Mt. Lebanon Partnership, a non-profit community development organization with a mission of increasing the vitality and vibrancy of our business districts, has a huge job. The 18-member volunteer board does everything from helping to recruit and retain shops to assisting with parking planning to spearheading ideas for improvements for signs and such amenities as benches. But one of the most important things it does is called “placemaking”—creating a strong sense of place so that consumers who are drawn here for signature events such as ULTRAparty, Farmer’s Market, Plein Air or First Friday will return to dine, shop and visit the service providers.
Events are key to the partnership’s mission, and as the partnership has learned, events have life cycles. That’s just one of the reasons the Partnership is reviewing the events it organizes, specifically, First Friday, ULTRAparty and Plein Air Mt. Lebanon to see which events need to be updated and which are still going strong.
First Fridays, which were on a reduced schedule last year because of lack of funding, are back with vigor this year, thanks to a full sponsorship from WesBanco. Held the first Friday of each summer month, from 7 to 10 p.m. in Clearview Common on Washington Road, each First Friday includes a band in the pavilion, and usually a second one near WesBanco on Washington Road. The bands booked for this year include:
July: Fungus (on the main stage to help celebrate the 50th anniversary of the Grateful Dead), and Lost Dogs (second stage)
August: Chalk Outlines (main stage)
September: Guaracha (a 10-piece Cuban band with a dance instructor to teach the crowd moves).
ULTRAparty, normally held the first Saturday in August, is changing to a different time and theme. “It’s not going away,” says Eric Milliron, Mt. Lebanon Commercial Districts Manager and the staff liaison to the Partnership. But it will be changing scope, names and dates. “We’ve been losing crowd. The revenues have been dropping.”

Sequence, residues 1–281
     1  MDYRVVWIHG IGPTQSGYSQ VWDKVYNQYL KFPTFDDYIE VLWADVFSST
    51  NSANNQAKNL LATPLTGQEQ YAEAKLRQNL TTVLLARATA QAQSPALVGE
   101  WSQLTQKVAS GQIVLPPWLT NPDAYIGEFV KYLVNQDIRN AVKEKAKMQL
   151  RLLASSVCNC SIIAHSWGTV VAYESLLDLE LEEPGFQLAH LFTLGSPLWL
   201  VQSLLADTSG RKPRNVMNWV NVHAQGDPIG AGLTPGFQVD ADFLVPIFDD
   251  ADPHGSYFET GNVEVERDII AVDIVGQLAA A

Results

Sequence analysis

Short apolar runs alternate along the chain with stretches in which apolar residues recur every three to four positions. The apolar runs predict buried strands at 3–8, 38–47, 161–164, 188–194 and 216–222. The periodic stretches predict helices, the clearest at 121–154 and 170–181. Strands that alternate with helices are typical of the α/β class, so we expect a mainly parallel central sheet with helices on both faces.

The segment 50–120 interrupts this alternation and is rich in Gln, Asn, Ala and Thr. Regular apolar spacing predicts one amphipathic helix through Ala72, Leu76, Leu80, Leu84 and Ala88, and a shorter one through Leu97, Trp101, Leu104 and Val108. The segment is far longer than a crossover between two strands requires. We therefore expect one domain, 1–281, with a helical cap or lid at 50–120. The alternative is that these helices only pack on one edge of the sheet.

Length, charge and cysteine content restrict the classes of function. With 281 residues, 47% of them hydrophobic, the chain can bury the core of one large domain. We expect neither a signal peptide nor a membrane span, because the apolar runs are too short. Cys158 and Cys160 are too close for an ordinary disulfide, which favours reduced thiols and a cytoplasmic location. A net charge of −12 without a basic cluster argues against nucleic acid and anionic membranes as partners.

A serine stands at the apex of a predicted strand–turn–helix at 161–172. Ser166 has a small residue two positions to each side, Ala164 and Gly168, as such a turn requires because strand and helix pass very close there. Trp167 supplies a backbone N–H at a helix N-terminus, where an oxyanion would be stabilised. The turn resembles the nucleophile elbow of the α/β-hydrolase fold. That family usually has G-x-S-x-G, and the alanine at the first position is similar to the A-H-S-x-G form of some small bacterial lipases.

For the last seven years, ULTRAparty has closed Washington Road, brought in beer trucks and provided a band in the middle of the street. “We want to try to do a smaller, more nimble event, but with a bang,” Milliron says. Ideas under consideration include an adult Halloween party in October or even an Oktoberfest-style event. But the main idea is to plan an event with “long-term sustainability.”
ULTRAparty made money for non-profit groups and, most recently, a group called Accessible Lebo, which used the funds for accessible play equipment in Mt. Lebanon Park. But closing Washington Road for several blocks and hiring police to direct traffic for hours was expensive. Additionally, the same volunteers tended to work each year and became “burned out,” Milliron says. “We want to keep things fresh.”
The same is true for Plein Air Mt. Lebanon, a neighborhood festival of the arts, which brought in two dozen painters who parked their easels in Mt. Lebanon and city neighborhoods over the course of a week. Demonstrations, artist lectures and classes filled the evenings preceding the juried competition. The event closed with a formal gala; the Partnership sold the paintings, splitting proceeds with the artists, and a hectic weekend of activities followed. Again, the scope of the project required dozens of volunteers. The event chairs were overwhelmed for weeks and in the end, the festival didn’t end up earning very much money.
“Most Plein Air events have full-time staffs all year,” says Milliron. He is thrilled that Plein Air made a profit for all three of its years. “But there’s only so many gallons of gas in the tank. It’s not sustainable in its current design.”
To remedy that but keep the parts that worked, the Partnership plans to move the event to Spring 2016 and give it a more local flavor. Favorite events, such as the Paint-Out and children’s activities, will stay, but the expensive gala and gallery sales will be eliminated. Artists will be responsible for selling their own paintings.
The Partnership also is throwing more of its time and energy behind the Mt. Lebanon Artists’ Market, which rebranded itself last year and is chaired by Create-a-Frame/Handworks’ Steve and Wendy Denenberg. The family-friendly market is attracting artists from all over the country, with a juried event, food trucks and music in the Academy Avenue parking lot on Saturday and Sunday, September 26 and 27.
Milliron expects it to be “an annual big deal.”
To keep up with the plans, check future issues of mtl and go to: www.mtlebopartnership.org/.
More partnership coverage: www.lebomag.com/19106/uptown-partnership/